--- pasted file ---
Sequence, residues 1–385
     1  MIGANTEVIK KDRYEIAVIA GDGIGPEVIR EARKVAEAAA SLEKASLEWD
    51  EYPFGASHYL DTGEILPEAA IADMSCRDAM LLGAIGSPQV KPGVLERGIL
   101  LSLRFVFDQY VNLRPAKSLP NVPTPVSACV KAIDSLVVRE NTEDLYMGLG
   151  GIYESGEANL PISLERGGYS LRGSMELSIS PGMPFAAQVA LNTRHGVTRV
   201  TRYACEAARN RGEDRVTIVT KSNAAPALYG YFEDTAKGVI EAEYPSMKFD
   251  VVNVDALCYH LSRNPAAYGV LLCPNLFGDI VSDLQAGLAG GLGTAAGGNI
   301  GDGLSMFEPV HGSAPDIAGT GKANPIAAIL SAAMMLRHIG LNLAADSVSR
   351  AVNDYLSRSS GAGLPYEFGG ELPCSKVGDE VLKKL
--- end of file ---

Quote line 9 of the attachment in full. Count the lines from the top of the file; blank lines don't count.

   351  AVNDYLSRSS GAGLPYEFGG ELPCSKVGDE VLKKL